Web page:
Pernell Whitaker - LIghtweight
1964 – Present
40 (17 KO) – 4 (1 KO) – one draw.
Notable Victories: Wilfredo Rivera, Julio Cesar Vasquez, James (Buddy) McGirt, Greg Haugen.
An outstanding lightweight who fought one of the most memorable fights of the last 20 years with Julio Cesar Chavez in 1994.
‘Sweet Pea’ moved up from lightweight to welterweight towards the end of the career. As a lightweight, he only had one loss to Jose Luis Ramirez in a widely disputed split decision.
Analysis: Pacquiao in a decision. Whitaker was only knocked out once in his career, in his last fight. At lightweight, I think Pacquiao would have been too strong for him.
Benny Leonard - Lightweight
1896 – 1947
91 (71 KO) – 5 (4 KO) – one draw.
Notable Victories: Lew Tendler.
Widely considered one of the greatest lightweights in history, it’s extremely difficult to compare a boxer from the 1920’s to a modern day boxer like Pacquiao.
The film clips on Leonard are rare and of poor quality. He had the straight-up boxing style that would have exposed him to a variety of head shots.
Analysis: Pacquiao in a second-round KO.
Sugar Ray Leonard – Welterweight
1956 – Present
36 (25 KO) – 3 (1 KO) – 1 draw.
Notable Victories: Marvin Hagler, Thomas Hearns, Roberto Duran, Wilfred Benitez
One of the greatest welterweights of all-time, Sugar Ray fought wars with the likes of Roberto Duran, Marvin Hagler, and Thomas Hearns. He’s perhaps the most beloved fighter since Muhammad Ali.
Analysis: Leonard in a 11th round KO. He was too quick, too smart, and possessed the best ring generalship of any fighter I’ve ever seen. Also, his power was underestimated.
Salvador Sanchez – Featherweight
1958 – 1982
44 (32) – 1 – 1 draw.
Notable Victories: Danny Lopez, Wilfredo Gomez.
Died in a tragic car accident at the age of 26. An amazing brawler and widely considered one of the greatest featherweights in history. He had excellent head movement and amazing power with both hands. His footwork was extremely good.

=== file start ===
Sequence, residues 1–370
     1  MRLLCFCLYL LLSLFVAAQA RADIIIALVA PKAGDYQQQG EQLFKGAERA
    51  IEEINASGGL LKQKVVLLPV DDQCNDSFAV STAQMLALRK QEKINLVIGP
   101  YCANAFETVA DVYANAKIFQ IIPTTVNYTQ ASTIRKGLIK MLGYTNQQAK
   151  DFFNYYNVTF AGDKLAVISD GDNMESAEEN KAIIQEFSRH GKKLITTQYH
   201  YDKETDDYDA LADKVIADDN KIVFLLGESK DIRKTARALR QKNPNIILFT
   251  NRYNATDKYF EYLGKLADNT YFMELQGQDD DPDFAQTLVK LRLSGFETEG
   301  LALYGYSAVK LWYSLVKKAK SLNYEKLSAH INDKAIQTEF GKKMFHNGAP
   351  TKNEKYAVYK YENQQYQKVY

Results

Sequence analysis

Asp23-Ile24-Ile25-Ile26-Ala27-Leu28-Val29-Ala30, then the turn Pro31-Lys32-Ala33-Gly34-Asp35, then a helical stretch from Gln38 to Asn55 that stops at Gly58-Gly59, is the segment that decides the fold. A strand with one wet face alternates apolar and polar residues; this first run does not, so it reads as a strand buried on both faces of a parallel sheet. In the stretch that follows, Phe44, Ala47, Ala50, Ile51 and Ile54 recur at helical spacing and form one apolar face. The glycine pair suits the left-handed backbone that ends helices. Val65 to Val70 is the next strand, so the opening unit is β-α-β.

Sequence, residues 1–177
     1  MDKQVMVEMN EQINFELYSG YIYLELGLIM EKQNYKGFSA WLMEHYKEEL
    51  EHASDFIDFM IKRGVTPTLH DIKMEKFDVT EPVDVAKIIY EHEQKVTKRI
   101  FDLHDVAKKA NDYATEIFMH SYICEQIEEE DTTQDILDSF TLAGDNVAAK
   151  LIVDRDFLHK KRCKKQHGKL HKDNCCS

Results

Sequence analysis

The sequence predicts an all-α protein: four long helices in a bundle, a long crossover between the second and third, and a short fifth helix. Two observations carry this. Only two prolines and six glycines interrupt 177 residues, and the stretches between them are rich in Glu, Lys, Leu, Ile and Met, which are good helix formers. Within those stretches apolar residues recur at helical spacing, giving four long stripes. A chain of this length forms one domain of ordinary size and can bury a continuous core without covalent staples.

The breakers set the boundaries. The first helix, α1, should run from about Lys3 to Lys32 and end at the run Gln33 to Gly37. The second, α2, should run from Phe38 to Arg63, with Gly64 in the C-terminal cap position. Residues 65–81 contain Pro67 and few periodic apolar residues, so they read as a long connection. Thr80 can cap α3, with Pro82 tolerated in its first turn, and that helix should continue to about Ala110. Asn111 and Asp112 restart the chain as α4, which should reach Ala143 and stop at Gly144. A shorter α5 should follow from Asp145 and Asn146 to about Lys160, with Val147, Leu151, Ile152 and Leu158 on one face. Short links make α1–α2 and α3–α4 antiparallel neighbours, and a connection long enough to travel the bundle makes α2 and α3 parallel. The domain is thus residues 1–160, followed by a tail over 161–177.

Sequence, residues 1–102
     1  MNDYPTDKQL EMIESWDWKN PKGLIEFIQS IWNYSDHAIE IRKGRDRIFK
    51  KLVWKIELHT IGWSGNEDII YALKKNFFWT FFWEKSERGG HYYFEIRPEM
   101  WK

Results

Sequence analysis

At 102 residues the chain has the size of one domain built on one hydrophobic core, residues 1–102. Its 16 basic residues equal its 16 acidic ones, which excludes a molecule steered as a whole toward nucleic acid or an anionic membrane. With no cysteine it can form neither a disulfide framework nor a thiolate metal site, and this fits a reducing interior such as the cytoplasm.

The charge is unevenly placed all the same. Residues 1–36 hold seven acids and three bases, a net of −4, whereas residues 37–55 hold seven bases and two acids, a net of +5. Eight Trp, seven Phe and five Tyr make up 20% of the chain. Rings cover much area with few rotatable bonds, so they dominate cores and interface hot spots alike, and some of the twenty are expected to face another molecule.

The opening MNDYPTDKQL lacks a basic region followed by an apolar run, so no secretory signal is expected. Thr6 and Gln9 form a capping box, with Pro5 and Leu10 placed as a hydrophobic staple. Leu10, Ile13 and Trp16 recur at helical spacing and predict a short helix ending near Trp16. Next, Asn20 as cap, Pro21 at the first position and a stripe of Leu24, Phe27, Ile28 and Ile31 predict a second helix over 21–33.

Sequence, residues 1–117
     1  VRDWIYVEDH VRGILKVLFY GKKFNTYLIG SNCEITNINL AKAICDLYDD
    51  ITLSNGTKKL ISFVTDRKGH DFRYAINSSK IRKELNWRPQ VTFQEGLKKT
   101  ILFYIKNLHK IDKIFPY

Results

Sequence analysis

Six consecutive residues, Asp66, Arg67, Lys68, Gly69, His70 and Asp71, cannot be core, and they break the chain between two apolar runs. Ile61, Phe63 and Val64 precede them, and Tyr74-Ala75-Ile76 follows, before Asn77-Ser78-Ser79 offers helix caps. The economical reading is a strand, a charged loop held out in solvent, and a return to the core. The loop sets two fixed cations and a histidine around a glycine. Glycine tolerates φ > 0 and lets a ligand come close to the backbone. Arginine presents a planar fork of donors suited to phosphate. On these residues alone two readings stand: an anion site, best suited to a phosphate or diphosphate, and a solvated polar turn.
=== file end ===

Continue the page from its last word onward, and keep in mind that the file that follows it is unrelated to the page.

Analysis: Pacquiao in a decision. Watch some video of this guy and you’ll see how great he was. He was unrelenting, very active, and extremely quick.
Some proclaim Juan Manuel Marquez the ‘poor man’s Salvador Sanchez.’ However, I think Pacquiao was stronger than him at featherweight and just as quick.
When it comes to the Featherweights, it’s legitimate to say that Manny Pacquiao might be the second best ever behind Willie Pep.
Certainly he’s the best in the last 50 years. I would have loved to see him fight Salvador Sanchez at this weight.
In the upper weight divisions, it gets a little more tricky. Pacquiao just hasn’t fought enough at the upper weights to have him beating the likes of Chavez, Robinson, Leonard, and Duran.
Now, if he were to fight, and beat, Mayweather Jr. at welterweight, I might have to change some of those predictions.
One of the great aspects of this project was research via video. It was a lot of fun to watch old fighters and analyze how they would have stacked up against Manny Pacquiao.
Below are some video links I highly recommend as well as a couple of great books.
Some of the Videos I Used:
Great Video of Willie Pep – Sandy Saddler in 1951.
Sugar Ray Robinson – Rocky Graziano. It’s in Japanese so turn down the volume. It shows why Ray Robinson is considered the greatest fighter of all-time. Amazing speed, footwork, and power.
Roberto Duran – Sugar Ray Leonard. 1980
Henry Armstrong – Lew Ambers.
The Best of Salvador Sanchez
Meldrick Taylor vs. Julio Cesar Chavez
Pernell Whittaker vs. Oscar De La Hoya
A Couple Great Books I Highly Recommend:
Sugar Ray. By Sugar Ray Robinson
Hands of Stone: The Life and Legend of Roberto Duran. By Christian Guidice